Using mobile phones is understood as leading to alterations in everyday life habits and perceptions of reality, which can be associated with negative outcomes, such as impaired social interactions, social isolation, as well as both somatic and mental health problems, including anxiety, depression and stress. Accordingly, nomophobia can lead to using the mobile phone in an impulsive way, and may thus be a contributing factor to SNS addiction as it can facilitate and enhance the repeated use of social networking sites, forming habits that may increase the general vulnerability for the experience of addiction-related symptoms as a consequence of problematic SNS use.
- (Please note: Material for this blog was taken from the following paper: Kuss, D.J. & Griffiths, M.D. (2017). Social networking sites and addiction: Ten lessons learned. International Journal of Environmental Research and Public Health, 14, 311; doi:10.3390/ijerph14030311)
Dr. Mark Griffiths, Professor of Behavioural Addiction, International Gaming Research Unit, Nottingham Trent University, Nottingham, UK
Al-Menayes, J. (2016). The Fear of Missing out Scale: Validation of the Arabic version and correlation with social media addiction. International Journal of Applied Psychology, 6(2), 41-46.
Bragazzi, N. L., & Del Puente, G. (2014). A proposal for including nomophobia in the new DSM-V. Psychology Research and Behavior Management, 7, 155-160.
Buglass, S. L., Binder, J. F., Betts, L. R., & Underwood, J. D. M. (2017). Motivators of online vulnerability: The impact of social network site use and FOMO. Computers in Human Behavior, 66, 248-255.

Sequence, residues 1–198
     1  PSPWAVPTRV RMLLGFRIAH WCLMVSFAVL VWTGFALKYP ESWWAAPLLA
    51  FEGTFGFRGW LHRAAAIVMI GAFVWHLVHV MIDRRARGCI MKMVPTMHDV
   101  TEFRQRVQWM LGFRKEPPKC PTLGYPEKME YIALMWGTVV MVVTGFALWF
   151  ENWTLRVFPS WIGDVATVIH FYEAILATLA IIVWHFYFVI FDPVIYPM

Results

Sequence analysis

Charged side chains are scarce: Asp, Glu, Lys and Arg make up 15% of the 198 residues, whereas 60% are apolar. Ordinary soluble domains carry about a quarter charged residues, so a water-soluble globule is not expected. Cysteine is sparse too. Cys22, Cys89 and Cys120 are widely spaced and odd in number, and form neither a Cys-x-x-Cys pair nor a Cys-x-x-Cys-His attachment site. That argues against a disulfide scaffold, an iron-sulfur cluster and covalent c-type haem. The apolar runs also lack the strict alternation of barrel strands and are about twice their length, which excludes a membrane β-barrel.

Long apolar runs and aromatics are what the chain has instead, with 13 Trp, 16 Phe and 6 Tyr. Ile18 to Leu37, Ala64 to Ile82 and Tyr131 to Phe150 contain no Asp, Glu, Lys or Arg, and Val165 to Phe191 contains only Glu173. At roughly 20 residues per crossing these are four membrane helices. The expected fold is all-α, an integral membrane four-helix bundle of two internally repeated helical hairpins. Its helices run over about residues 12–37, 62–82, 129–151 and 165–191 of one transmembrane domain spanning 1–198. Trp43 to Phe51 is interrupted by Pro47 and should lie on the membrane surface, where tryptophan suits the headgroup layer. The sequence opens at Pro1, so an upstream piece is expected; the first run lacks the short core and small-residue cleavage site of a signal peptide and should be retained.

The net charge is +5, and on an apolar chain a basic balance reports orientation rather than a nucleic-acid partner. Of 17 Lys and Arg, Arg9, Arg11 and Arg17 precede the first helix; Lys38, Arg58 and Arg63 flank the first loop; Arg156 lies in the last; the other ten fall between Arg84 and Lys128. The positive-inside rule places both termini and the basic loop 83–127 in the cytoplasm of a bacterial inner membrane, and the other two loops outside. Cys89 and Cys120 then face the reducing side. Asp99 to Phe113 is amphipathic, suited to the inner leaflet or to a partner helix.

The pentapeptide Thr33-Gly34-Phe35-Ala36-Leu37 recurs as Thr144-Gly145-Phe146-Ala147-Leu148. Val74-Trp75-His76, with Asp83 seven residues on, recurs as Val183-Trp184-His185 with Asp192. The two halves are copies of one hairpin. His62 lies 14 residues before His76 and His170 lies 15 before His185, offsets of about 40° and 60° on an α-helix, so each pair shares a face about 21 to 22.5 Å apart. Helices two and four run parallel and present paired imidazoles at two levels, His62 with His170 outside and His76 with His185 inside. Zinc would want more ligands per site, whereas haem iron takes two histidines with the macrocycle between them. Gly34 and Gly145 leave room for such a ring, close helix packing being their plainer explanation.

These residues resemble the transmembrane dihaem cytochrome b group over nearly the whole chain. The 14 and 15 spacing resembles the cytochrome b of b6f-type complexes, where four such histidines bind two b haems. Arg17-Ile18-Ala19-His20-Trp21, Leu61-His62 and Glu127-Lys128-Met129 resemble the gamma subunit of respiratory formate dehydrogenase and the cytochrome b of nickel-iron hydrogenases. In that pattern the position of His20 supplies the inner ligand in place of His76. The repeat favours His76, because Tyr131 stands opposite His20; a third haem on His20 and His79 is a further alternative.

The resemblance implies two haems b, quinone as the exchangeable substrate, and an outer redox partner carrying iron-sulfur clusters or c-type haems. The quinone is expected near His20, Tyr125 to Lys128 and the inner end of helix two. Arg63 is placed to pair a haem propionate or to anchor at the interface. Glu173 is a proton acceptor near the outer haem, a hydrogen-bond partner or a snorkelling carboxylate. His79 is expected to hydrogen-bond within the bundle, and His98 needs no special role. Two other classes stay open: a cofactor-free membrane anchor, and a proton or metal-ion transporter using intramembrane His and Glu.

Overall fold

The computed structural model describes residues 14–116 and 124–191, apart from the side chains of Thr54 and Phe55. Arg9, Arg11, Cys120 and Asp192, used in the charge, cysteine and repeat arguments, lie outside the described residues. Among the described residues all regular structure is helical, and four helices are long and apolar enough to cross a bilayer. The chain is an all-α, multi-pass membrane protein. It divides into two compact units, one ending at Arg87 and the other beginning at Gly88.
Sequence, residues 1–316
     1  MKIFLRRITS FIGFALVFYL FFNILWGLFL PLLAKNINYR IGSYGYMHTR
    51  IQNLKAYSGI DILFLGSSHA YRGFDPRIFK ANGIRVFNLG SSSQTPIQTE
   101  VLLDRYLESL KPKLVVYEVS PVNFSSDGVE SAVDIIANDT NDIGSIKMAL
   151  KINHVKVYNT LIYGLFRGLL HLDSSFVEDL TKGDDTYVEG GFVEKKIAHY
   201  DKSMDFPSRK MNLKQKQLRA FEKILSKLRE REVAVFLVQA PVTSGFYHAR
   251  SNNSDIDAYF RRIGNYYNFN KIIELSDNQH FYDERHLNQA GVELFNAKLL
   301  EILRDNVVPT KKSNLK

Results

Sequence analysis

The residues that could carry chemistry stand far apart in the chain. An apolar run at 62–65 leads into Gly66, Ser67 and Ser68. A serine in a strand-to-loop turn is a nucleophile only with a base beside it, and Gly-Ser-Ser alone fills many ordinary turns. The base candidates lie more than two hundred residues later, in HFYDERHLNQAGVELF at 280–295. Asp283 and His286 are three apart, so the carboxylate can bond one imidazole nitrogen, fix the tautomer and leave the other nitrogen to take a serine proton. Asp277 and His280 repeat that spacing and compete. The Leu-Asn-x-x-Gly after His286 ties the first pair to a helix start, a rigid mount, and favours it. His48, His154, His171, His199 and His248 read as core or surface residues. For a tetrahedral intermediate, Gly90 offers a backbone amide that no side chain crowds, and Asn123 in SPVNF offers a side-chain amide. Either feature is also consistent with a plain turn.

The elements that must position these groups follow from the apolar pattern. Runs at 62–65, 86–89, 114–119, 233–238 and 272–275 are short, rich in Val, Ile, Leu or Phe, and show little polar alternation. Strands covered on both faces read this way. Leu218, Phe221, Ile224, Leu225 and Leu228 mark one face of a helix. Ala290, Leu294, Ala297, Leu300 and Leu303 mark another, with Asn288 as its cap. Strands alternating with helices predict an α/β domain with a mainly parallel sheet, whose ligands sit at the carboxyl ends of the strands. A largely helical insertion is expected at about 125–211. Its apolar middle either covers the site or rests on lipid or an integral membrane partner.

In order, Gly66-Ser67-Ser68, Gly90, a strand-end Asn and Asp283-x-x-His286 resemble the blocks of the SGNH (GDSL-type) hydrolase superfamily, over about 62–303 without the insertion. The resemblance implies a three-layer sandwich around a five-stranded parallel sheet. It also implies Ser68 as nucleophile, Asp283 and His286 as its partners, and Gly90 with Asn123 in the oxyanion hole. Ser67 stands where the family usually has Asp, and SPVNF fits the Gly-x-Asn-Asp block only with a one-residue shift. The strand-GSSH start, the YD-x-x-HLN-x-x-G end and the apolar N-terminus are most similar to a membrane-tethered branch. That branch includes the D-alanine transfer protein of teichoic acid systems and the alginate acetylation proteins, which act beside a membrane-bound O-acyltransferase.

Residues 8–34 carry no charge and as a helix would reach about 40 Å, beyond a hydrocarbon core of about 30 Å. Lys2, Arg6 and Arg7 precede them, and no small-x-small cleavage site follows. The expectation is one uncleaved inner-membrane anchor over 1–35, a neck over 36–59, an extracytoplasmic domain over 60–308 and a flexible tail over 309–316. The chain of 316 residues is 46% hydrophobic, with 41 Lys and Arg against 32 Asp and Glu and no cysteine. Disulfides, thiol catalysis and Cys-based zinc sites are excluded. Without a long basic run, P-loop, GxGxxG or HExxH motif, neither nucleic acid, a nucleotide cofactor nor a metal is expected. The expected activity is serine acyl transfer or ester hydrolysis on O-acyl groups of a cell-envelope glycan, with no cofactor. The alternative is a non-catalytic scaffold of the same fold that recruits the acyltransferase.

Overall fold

Gil, F., Chamarro, A., & Oberst, U. (2016). Addiction to online social networks: A question of “Fear of Missing Out”? Journal of Behavioral Addictions, 4(Suppl. 1), 51.
Griffiths, M.D. (2013) Social networking addiction: Emerging themes and issues. Journal of Addiction Research and Therapy, 4: e118. doi: 10.4172/2155-6105.1000e118.
Griffiths, M.D. & Kuss, D.J. (2011). Adolescent social networking: Should parents and teachers be worried? Education and Health, 29, 23-25.
Griffiths, M.D., Kuss, D.J. & Demetrovics, Z. (2014). Social networking addiction: An overview of preliminary findings. In K. Rosenberg & L. Feder (Eds.), Behavioral Addictions: Criteria, Evidence and Treatment (pp.119-141). New York: Elsevier.
Kuss, D.J. & Griffiths, M.D. (2011). Online social networking and addiction: A literature review of empirical research. International Journal of Environmental Research and Public Health, 8, 3528-3552.
Kuss, D.J.; Griffiths, M.D. Internet addiction in psychotherapy; Palgrave: London, 2015;
Oberst, U., Wegmann, E., Stodt, B., Brand, M., & Chamarro, A. (2017). Negative consequences from heavy social networking in adolescents: The mediating role of fear of missing out. Journal of Adolescence, 55, 51-60.
Przybylski, A. K., Murayama, K., DeHaan, C. R., & Gladwell, V. (2013). Motivational, emotional, and behavioral correlates of fear of missing out. Computers in Human Behavior, 29(4), 1841-1848.
Tags: Facebook addiction, Fear of missing out, FOMO, Internet addiction, Maladaptive social networking, No, No mobile phone phobia, Nomophobia, Problematic internet use, Problematic social networking, Ringxiety, Social networking addiction, Social networking psychology
Posted by drmarkgriffiths
Over the last decade, I have published various papers on excessive mobile phone use both in general and related to particular aspects of mobile phone use (such as gambling and gaming via mobile phones (see ‘Further reading’ below). Recently, some colleagues and I (and led by Dr. Joël Billieux) published a new review in the journal Current Addiction Reports examining disordered mobile phone use.
I don’t think many people would say that their lives are worse because of mobile phones as the positives appear to greatly outweigh the negatives. However, in the scientific literature, excessive mobile phone use has been linked with self-reported dependence and addiction-like symptoms, sleep interference, financial problems, dangerous use (phoning while driving), prohibited use (phoning in banned areas), and mobile phone-based aggressive behaviours (e.g., cyberbullying).